Thursday, July 30, 2009

Our New Guitar

Thank you to Chick Music in Athens, GA for donating this guitar to Masana!!! The boys are enjoying learning how to play. We have to keep reminding them that there is only one guitar and that they will have to take turns. They are all so eager to learn a few chords. And our worship times each day are much more fun with the guitar. The workers at the project are enjoying it as much as the boys!

I bought a strap and a couple of pics at a music store here a couple of days ago. Who knew that pics would cost $2 each in Mozambique?!?! If anyone would like to send us some guitar supplies (tuner, pics, strings, etc) we would put them to good use. My address is:
Sarah Olds
Suite 337 Private Bag X11340
Nelspruit 1200
South Africa

This Is Mozambique (T.I.M.)

This week I have been reminded of just how different life is here in Mozambique.

today some workers cut all the branches on the tress outside of my apartment building. hopefully it will take care of our mosquito problem! it was quite entertaining to watch as the men shimmied up the trees barefoot and chopped the branches with a hatchet. no buckets to lift them up or ropes holding them in case they fell or other "normal" safety measures taken. they didn't even block off the road to pedestrians so i just watched them running as branches fell. i was planning on taking my car to work today so that i could get the dent (see next story) looked at but my garage was completely blocked by the tree branches. T.I.M.

yesterday, i parked my car outside of the church i work at in the city. the church is on the bottom few floors of a tall apartment building. as i was walking back from my portuguese lesson, the church guard called my over to look at my car. there was a large dent and white marks above the front wheel. he then began to pick up pieces of this "rock" that had fallen out of the window of an apartment above. the "rock" was actually sea coral and was knocked out of the window by a gust of wind. we eventually found the man who lived in the apartment with the falling coral. he takes no responsibility. . . says he rents the apartment and the sea coral belongs to the landlord so it's her fault. T.I.M.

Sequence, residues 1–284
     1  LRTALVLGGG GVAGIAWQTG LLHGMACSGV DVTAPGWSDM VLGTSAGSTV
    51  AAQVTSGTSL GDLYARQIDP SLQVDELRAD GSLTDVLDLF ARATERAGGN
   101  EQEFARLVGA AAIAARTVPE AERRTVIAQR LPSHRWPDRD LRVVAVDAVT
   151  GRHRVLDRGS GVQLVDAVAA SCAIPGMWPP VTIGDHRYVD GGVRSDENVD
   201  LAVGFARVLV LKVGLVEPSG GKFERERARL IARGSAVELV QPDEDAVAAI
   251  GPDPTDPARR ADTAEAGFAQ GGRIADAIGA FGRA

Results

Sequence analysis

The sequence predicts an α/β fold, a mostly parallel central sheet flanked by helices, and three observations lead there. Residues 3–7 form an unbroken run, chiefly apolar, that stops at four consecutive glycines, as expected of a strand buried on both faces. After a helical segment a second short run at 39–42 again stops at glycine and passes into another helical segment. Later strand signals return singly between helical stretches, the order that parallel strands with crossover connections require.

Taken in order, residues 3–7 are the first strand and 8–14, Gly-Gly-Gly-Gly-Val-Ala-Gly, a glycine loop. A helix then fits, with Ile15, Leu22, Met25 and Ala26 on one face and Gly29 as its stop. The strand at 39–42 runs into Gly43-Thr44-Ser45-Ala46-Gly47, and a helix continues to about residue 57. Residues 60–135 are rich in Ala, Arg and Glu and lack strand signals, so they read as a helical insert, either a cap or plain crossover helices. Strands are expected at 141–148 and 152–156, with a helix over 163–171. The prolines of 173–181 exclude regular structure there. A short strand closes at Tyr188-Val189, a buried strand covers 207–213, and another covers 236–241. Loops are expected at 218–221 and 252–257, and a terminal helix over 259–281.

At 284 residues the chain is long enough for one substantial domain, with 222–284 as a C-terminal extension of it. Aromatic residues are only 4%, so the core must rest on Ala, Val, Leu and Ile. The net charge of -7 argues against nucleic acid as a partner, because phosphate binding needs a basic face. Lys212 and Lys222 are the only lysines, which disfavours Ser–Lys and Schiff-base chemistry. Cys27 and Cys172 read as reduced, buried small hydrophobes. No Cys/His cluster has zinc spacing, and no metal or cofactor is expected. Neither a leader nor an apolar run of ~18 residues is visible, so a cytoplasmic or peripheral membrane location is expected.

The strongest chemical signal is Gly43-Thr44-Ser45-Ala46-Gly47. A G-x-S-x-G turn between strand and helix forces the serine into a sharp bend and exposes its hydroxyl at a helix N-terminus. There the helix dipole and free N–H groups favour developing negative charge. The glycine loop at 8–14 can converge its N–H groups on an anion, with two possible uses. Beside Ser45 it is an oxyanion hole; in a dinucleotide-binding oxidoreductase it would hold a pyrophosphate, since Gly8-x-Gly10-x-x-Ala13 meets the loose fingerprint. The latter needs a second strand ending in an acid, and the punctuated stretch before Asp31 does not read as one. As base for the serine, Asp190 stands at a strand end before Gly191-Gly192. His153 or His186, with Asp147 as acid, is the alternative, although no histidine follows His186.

after the falling coral incident, i went to matola, a city about 20 minutes outside of maputo. there was a bad accident on the road. I eventually just turned off my car and sat for 45 minutes doing portuguese homework. they finally opened up one lane of traffic. there was an 18 wheeler carrying bags of cement involved in the accident so they were cleaning up all of the spilled cement. it took me 2 hours to get somewhere that should have taken 20 minutes. when i headed back to the city a couple of hours later, they were still cleaning up the accident!! the rush hour traffic was backed up for miles every chapa (public bus) stop was packed with 50 to 150 people waiting to get a chapa home. the woman who works in our house said she didn't get home until 9:00 last night and she left our house before 4:00! T.I.M.